Sequester Affects IRS Whistleblower Awards

Even whistleblower reward payments are being affected by the sequester. According to an announcement by the Internal Revenue Service, such rewards will be cut by 8.7%.

A biting article in a recent edition of Forbes remarks upon what Erika Kelton, a Forbes Contributor, calls a “wrongheaded” decision. She opines that the IRS did not provide a legal basis for this decision, which likely means there was none. She even goes so far as to say that decreasing the reward below that which the wording of the Tax Relief and Health Act of 2006 promises (15%) is a violation of the law that created the program in the first place. Cutting the reward by 8.7% will leave the minimum payment at a number below the amount designated by the 2006 law, 13.6%.

In an explanation of the sequester and how it supposed to be handled, the author remarks that any cuts that are made should fall into two categories: discretionary appropriations and direct spending. The awards given to IRS whistleblowers do not fall under either of the categories. Whistleblower awards are taken from the violator collection proceeds. They are not part of federal budget spending.

Kelton is surprised by the decision, saying that the move by the IRS would inevitably discourage individuals from coming forward during a critical time in which the government is attempting to make cuts that will decrease the deficit. The sequester will only cut $85 billion from the budget, while the gross tax gap remains to be over $450 billion annually. She writes that whistleblowers should be a valuable resource for the IRS, as they provide information that leads to the collection of tax revenue from those seeking to evade.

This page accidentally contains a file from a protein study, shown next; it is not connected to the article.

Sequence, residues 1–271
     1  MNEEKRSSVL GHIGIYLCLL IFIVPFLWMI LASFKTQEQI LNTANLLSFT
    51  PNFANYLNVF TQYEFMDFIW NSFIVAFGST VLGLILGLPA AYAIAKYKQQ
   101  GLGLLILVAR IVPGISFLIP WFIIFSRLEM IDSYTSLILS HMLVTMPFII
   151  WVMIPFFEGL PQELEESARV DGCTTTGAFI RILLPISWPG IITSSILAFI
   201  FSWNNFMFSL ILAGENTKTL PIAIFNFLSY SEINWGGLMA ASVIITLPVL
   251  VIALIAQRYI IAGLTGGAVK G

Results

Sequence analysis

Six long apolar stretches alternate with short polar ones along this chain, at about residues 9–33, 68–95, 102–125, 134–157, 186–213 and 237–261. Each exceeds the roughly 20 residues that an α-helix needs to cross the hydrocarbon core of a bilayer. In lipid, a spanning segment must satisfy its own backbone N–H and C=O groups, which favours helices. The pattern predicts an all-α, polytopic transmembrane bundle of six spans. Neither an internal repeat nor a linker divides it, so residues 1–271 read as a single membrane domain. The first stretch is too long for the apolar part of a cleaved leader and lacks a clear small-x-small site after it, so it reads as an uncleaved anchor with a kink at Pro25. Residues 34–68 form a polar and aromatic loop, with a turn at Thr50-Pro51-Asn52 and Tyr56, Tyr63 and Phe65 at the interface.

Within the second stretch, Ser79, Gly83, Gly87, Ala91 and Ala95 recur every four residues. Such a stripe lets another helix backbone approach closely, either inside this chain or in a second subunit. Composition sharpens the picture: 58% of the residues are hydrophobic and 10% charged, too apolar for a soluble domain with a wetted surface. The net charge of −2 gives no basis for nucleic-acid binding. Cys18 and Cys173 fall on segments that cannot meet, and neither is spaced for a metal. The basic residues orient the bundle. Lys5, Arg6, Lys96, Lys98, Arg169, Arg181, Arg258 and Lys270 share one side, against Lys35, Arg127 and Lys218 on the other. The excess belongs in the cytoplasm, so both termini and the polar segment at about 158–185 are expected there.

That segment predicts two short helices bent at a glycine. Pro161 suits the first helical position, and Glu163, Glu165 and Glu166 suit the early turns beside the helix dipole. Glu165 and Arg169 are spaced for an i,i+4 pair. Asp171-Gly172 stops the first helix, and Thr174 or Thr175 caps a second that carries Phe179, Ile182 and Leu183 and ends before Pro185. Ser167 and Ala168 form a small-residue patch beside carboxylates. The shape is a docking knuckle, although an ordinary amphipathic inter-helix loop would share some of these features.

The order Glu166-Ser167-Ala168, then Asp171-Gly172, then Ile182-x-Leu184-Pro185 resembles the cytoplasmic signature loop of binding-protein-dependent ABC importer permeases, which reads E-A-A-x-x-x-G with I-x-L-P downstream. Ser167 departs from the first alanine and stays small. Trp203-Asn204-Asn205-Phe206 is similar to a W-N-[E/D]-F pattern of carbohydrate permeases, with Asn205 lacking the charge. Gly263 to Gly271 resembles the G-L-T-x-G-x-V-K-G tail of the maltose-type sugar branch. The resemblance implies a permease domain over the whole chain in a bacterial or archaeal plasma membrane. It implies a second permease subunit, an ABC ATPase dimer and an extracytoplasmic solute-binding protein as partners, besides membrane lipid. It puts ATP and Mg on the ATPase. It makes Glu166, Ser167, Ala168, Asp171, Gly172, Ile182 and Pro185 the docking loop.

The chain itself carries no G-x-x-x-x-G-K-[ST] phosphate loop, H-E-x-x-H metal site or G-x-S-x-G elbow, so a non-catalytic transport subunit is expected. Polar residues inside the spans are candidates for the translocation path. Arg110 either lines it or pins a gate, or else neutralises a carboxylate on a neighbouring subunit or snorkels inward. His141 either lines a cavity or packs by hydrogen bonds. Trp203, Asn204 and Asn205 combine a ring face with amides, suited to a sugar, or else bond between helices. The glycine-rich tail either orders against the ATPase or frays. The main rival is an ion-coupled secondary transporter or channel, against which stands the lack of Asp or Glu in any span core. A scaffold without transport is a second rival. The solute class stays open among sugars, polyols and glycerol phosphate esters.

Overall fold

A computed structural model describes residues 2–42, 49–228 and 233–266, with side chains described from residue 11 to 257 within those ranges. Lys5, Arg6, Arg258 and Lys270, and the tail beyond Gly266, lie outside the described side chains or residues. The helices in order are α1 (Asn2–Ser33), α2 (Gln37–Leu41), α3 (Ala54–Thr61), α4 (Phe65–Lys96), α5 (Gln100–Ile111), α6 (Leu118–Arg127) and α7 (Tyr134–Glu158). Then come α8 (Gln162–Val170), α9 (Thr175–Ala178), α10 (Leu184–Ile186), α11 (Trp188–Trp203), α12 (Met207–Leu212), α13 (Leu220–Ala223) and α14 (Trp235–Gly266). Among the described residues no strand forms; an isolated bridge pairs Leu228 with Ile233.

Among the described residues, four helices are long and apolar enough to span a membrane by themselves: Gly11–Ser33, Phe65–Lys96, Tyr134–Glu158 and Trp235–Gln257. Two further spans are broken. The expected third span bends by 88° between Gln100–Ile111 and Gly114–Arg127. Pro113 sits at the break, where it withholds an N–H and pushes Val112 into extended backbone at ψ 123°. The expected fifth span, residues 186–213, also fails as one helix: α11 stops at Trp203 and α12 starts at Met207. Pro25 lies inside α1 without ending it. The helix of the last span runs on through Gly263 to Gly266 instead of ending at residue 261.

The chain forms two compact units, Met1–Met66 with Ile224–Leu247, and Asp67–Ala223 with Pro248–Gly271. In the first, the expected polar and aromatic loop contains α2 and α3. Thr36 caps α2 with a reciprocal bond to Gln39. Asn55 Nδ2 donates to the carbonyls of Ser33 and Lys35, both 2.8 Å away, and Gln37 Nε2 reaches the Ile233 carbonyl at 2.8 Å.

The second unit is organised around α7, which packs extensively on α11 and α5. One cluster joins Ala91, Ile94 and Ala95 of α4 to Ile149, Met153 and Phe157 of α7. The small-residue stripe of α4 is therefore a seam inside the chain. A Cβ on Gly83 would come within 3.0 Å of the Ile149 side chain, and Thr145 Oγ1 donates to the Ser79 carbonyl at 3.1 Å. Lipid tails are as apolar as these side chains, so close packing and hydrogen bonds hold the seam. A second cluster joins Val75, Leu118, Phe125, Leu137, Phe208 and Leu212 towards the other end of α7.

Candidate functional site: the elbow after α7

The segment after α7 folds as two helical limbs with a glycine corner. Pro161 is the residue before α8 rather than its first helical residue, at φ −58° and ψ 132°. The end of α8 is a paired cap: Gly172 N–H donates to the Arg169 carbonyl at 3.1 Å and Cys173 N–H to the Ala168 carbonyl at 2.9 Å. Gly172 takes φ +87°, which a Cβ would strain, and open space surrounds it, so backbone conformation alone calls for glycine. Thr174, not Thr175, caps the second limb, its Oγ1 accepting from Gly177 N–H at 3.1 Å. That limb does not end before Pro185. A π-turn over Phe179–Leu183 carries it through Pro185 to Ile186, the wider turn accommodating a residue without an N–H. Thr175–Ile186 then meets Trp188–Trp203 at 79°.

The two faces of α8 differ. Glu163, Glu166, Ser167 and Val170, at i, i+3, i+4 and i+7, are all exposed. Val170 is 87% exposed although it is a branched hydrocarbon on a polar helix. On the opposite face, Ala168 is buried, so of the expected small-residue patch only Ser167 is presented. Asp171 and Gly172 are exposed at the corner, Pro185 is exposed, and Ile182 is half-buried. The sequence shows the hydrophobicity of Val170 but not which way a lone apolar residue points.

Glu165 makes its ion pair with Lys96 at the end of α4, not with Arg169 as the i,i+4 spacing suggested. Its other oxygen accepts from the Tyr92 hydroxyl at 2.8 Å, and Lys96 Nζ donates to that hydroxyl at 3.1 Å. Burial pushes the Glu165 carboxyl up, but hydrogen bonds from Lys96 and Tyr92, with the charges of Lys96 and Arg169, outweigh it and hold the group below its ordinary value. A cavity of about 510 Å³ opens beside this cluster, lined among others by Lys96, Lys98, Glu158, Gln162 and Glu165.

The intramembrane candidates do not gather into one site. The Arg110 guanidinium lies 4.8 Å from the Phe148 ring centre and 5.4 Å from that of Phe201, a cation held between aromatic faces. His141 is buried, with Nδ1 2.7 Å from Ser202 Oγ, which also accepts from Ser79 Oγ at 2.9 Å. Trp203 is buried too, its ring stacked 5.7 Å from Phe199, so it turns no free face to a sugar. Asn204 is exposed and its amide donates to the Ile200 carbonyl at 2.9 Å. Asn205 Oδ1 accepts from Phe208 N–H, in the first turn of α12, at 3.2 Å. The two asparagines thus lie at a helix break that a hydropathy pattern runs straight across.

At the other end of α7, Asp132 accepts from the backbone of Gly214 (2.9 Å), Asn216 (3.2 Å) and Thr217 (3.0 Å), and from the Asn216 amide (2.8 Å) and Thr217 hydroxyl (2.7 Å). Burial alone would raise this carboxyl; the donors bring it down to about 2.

Despite efforts by the public and by the senator who was the driving force behind the program, Senator Chuck Grassley (R-IA), the IRS is still not on board with the program, according to Zelton. She predicts that the move by the IRS will trigger a response on the part of tax cheats that will only feed motivation to cheat the IRS of revenue, resulting in a tax gap that increases substantially rather than shrinks.


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